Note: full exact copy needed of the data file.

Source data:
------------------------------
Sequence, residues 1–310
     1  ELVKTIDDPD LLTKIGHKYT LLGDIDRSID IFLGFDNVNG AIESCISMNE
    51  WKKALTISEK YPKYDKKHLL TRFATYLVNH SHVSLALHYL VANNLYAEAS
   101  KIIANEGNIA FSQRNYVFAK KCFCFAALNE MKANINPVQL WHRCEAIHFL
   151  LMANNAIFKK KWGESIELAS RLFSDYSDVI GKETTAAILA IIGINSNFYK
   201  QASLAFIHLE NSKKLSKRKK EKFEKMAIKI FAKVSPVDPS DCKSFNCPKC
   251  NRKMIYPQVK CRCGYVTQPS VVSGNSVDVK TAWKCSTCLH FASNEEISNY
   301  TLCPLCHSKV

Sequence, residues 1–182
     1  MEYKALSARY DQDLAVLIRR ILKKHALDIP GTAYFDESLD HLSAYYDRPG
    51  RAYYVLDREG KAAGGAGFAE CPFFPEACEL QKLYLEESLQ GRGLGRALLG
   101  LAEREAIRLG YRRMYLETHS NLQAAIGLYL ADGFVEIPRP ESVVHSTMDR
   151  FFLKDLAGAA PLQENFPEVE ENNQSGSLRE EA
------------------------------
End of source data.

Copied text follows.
Sequence, residues 1–310
     1  ELVKTIDDPD LLTKIGHKYT LLGDIDRSID IFLGFDNVNG AIESCISMNE
    51  WKKALTISEK YPKYDKKHLL TRFATYLVNH SHVSLALHYL VANNLYAEAS
   101  KIIANEGNIA FSQRNYVFAK KCFCFAALNE MKANINPVQL WHRCEAIHFL
   151  LMANNAIFKK KWGESIELAS RLFSDYSDVI GKETTAAILA IIGINSNFYK
   201  QASLAFIHLE NSKKLSKRKK EKFEKMAIKI FAKVSPVDPS DCKSFNCPKC
   251  NRKMIYPQVK CRCGYVTQPS VVSGNSVDVK TAWKCSTCLH FASNEEISNY
   301  TLCPLCHSKV

Sequence, residues 1–182
     1  MEYKALSARY DQDLAVLIRR ILKKHALDIP GTAYFDESLD HLSAYYDRPG
    51  RAYYVLDREG KAAGGAGFAE CPFFPEACEL QKLYLEESLQ GRGLGRALLG
   101  LAEREAIRLG YRRMYLETHS NLQAAIGLYL ADGFVEIPRP ESVVHSTMDR
   151  FFLKDLAGAA PLQENFPEVE ENNQSGSLRE EA